The Right To Carry
The gun control issue has sparked major controversy in America today. People who support gun control feel that guns are the reason for the soaring crime rate in our country. I disagree with them. I feel that because of the black market, violent criminals released from prison early, and the need to ensure personal safety, stricter gun control will have very little impact on violent crime in America.
I believe that gun control works in theory, but not in real life. There are many violent crimes in which guns are used, but most of these guns are obtained illegally. Therefore, if guns were obtained illegally, why would the people obtaining the guns use them legally? The only way to control crime is to allow citizens the right to carry guns.
In the past, over 20,000 gun control bills have been passed through Congress (McCarthy). According to Jack Anderson’s book Inside the NRA Armed and Dangerous, The National Firearms Act of 1934 was the first federal gun law to be passed. This act imposed a two hundred-dollar excise tax on the sale of fully automatic weapons. The act also prohibited transport of fully automatic weapons and shotguns having barrels less than eighteen inches long or sawed-off shotguns. The Gun Control Act of 1968 made it a requirement for all gun dealers to have a federal license. This same act also banned the sale of guns through the mail and the sale of guns to all people who have formerly been convicted of violent felonies. It also prohibited dealers from selling handguns out of state, and out-of-state residents from buying handguns (57).
With the growing gun-related crime rate in the United States today, many recent bills have been proposed to control guns. Jack Anderson explains one of the most popular bills, The Brady Bill. This bill focuses on semi-automatic handguns. People wishing to buy a handgun will have to answer a federal questionnaire. The person’s background will be checked thoroughly for criminal records or records of past mental illness. The process should take only five days. This five-day waiting period, or the “cooling off” period, is supposed to allow a person’s temper to cool down. Supporters of the Brady Bill claim that people act on impulse. A person’s temper can interfere with his/her ability to think clearly; he/she is angry, so a gun is bought to get revenge (93). I have no problem with the Brady Bill, because it has lessened crime though it hasn’t prevented it.
A bill was passed by former U.S. President George Bush, which banned the production of nine types of assault weapons and the importation of forty-three types of assault weapons. Bush felt that assault weapons were responsible for the majority of the violent crimes committed in the United States (Anderson 98). Field & Stream writer David E. Petzal agreed with Bush, stating that, “Assault weapons are designed to put out a high volume of fire with a high degree of controllability. The only purpose these firearms have is to kill people” (27). Gun related crime, however, is still very common.
The problem with these laws is that people are forgetting about the black market. The Brady Bill will stop a person from acting on impulse but if a person is planning on buying a handgun for criminal purposes, he is not likely to buy it through a dealer. If he buys a gun through a dealer, the gun has to be registered in that person’s name. If the gun is used in any crime or murder where a shot is fired and the gun is left behind, the police could very easily trace the gun to that person. This situation causes many criminals to turn to the black market. Any person can buy any type of gun on the streets. J. Warren Cassidy, former executive vice president of the NRA, says, ” for a gangster, obtaining a gun is just a matter of showing up on the right street corner with enough money” (419).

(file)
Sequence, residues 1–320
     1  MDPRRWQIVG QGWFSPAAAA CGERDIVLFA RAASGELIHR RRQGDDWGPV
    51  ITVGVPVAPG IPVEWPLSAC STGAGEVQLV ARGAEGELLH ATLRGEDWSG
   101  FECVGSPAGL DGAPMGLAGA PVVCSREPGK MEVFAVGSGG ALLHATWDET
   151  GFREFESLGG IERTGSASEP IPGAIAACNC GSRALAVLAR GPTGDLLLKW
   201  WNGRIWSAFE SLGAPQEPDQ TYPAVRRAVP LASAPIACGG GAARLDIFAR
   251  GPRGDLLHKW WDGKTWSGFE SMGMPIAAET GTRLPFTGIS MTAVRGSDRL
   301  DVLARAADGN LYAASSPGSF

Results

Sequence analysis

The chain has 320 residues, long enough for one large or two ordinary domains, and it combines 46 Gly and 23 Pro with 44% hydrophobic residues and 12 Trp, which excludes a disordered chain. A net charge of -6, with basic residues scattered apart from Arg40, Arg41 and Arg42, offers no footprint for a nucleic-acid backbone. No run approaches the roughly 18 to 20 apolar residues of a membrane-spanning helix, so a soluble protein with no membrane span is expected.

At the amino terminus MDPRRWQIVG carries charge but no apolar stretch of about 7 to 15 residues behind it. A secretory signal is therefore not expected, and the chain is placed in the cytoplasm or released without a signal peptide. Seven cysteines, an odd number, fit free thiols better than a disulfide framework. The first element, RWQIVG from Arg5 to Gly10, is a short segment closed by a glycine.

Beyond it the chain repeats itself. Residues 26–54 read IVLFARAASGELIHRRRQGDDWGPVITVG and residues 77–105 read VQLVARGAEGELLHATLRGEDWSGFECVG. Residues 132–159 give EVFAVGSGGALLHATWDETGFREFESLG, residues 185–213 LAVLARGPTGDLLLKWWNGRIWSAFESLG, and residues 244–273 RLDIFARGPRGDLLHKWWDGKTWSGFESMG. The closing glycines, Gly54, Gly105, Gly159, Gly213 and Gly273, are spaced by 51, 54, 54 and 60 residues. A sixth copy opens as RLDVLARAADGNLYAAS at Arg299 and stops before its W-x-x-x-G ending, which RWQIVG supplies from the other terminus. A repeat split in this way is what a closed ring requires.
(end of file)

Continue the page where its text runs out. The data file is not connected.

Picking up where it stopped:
What I feel needs to be done is to stop trying to eliminate guns and instead give people the right to carry them. Prof. John Lott, Jr., and David B. Mustard of the University of Chicago performed a study on citizens carrying weapons. The study showed that ” allowing citizens to carry concealed weapons deters violent crimes and it appears to produce no increase in accidental deaths. If those states which did not have Right To Carry concealed gun provisions had adopted them in 1992, approximately 1,570 murders; 4,177 rapes; and over 60,000 aggravated assaults would have been avoided yearly ” (National). The study also showed that compared to the rest of the United States the states that have Right To Carry laws have ” 26% less total violent crime, 20% less homicide, 2% less rape, 39% less robbery, and 22% less aggravated assault ” Not only will allowing citizens the right to carry reduce crime but it can also produce an annual gain of at least $6.214 billion (National).
According to the National Rifle Association, Florida enacted a right to carry law in 1987. The Florida Department of Law Enforcement, Florida Sheriffs Association, Florida Police Chiefs Association, and many other law enforcement groups supported it. Anti-gun activists claimed, however, if law-abiding citizens carried guns crime would increase. Politicians predicted that Florida would be known as the “GUNshine state”. News media claimed there would be “Wild West” shootouts at every street corner. These predictions were eventually proven false. Florida homicide rate actually dropped 41%, and the national rate dropped 20%. Only 0.02% of the issued gun licenses were revoked because of crimes committed by the holder. Some who originally opposed the right to carry law eventually agreed that it was a good idea, and that it hadn’t created the problems like they predicted. The success of this right to carry law helps show that people who have carry permits are more law abiding than everyone. Only a small percentage of holders use their firearms for crime (National).
Instead of gun control laws, the United States should reevaluate the justice system. According to David L. Bender’s book Gun Control, a study showed that only four criminals go to jail for every one hundred crimes reported. The FBI estimates that 60% of all crimes are not reported. The study also showed that for every one hundred prisoners with life sentences, twenty-five are freed before their third year; forty-two are out of prison by their seventh year; and people acquitted of murder by reason of insanity only spend an average of five hundred days in a mental institution before they are released. These people that only serve a portion of their sentence are often involved in crimes after they are back on the streets. The reason for the early release of many prisoners is the fact that jails and prisons are over-crowded (163).